A recent study from London found three music revolutions in the last five decades. All three happened in the 20th century, 25 and more years ago. Every generation since the beginning of recorded music has introduced a game-changing genre. Until now. What the hell is going on with today’s western pop music?
There are the CD and vinyl limited and collectors editions, of course. But those are mostly only meant to sell a record a second time to an artist’s fans. But what is much more interesting, are personalized copies.
I personally know these from the cassette movement in the early 80s. I still have a box of them at home. Some of the artists are well known, like The Cleaners From Venus. For some, it was a start in a new career, like Everything But The Girl‘s Tracey Thorne with the Marine Girls. But most of the bands are only known by a few dozen people.
What was so unique about the cassette movement, was that the tapes were copied at home, the cover manually copied and often hand colored. A thing that is not possible with vinyl, and was not possible with CDs back then.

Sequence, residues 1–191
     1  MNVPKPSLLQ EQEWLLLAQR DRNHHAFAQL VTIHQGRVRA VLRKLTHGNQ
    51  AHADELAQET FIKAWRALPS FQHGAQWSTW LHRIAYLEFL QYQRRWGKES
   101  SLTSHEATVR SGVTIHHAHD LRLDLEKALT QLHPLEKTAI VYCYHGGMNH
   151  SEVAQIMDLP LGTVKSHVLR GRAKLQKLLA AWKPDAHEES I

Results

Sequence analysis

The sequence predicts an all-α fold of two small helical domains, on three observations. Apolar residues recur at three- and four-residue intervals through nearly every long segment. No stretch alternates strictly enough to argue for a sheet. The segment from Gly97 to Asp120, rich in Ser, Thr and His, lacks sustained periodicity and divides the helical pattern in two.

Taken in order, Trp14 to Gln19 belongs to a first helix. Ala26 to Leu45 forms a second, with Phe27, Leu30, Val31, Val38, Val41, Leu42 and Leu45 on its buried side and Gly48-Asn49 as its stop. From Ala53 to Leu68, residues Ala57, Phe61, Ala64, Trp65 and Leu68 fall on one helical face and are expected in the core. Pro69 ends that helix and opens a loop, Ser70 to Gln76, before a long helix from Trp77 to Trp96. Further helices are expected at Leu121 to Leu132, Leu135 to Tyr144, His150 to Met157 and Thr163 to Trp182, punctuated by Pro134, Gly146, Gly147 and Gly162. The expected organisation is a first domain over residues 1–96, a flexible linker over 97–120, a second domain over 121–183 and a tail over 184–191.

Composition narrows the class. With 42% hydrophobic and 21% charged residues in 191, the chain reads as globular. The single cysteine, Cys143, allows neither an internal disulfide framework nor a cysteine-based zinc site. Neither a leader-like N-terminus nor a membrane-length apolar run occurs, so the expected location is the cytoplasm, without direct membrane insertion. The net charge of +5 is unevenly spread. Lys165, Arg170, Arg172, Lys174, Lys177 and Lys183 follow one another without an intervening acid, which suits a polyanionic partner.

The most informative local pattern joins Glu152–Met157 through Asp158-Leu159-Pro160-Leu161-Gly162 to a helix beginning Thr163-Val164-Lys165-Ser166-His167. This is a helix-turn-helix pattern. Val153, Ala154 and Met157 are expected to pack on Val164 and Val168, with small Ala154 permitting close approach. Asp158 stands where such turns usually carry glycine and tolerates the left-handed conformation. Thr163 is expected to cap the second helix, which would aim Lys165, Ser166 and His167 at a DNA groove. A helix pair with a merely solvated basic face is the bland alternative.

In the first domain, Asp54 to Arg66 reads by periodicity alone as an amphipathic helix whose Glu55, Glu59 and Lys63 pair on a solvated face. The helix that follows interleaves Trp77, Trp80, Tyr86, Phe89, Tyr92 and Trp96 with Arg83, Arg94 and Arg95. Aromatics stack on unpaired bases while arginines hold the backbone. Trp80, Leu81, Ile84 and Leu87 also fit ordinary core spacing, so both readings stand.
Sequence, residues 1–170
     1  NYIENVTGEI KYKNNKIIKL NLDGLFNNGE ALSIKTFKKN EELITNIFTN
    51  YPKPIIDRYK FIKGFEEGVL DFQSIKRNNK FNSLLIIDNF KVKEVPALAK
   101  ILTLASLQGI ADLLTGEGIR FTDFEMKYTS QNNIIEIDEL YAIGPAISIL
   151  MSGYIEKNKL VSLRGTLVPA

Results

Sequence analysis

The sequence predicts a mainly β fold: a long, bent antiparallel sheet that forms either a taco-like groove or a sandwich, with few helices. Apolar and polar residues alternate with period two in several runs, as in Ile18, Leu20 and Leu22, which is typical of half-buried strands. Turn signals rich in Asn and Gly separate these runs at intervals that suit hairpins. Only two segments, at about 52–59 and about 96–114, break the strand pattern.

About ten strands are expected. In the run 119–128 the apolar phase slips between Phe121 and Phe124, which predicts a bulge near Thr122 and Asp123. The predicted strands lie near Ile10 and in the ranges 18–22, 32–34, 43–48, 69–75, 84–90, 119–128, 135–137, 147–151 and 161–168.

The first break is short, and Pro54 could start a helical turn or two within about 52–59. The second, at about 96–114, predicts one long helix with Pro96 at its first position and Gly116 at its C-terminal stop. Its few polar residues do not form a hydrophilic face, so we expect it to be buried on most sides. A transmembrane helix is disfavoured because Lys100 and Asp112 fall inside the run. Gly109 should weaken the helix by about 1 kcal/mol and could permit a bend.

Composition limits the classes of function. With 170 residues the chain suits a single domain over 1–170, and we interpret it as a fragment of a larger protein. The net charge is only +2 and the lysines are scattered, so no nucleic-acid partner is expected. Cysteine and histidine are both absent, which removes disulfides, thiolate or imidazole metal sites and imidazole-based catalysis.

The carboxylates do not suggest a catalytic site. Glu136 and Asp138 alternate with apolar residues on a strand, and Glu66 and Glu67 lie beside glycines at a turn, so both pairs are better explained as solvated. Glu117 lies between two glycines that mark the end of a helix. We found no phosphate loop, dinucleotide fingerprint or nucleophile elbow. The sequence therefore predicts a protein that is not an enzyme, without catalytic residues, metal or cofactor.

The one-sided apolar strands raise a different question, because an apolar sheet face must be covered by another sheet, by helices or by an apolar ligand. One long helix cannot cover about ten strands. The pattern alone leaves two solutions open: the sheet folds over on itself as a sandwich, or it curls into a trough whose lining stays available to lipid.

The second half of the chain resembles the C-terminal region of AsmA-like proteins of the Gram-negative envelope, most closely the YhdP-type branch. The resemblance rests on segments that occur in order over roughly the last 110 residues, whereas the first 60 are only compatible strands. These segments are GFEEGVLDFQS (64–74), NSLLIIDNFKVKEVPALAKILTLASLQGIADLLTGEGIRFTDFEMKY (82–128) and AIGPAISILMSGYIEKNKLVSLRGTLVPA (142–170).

These personalized releases, born out of necessity, is now taken a step further by an artist called Spruke from Buffalo, New York.
David Lynch’s work is not only famous for him leaving audiences in a state of existential drift, but also for him very carefully selecting music for his movies. I’ve seen his first film Eraserhead in my late teens, and it never did let me loose. And after more than 30 years, I could still sing the song In Heaven today.
There are so many great (and not so great) Christmas songs, and even more versions of these. Would it be a good and lucrative idea to produce your own?
Maybe the most famous Christmas song ever is Fairytale of New York.
There are certainly some things you should consider, if you plan to do your own Christmas song. And not the least important question is, if it is worth it after all.
Good news for musicians: The US Copyright Royalty Board (CRB) has increased the rates for satellite radio services in the United States by more than 40%, from 11% of revenue to 15.5% of revenue, effective January 1, 2018 until December 31, 2022. The new rates have been announced by the board on December 14.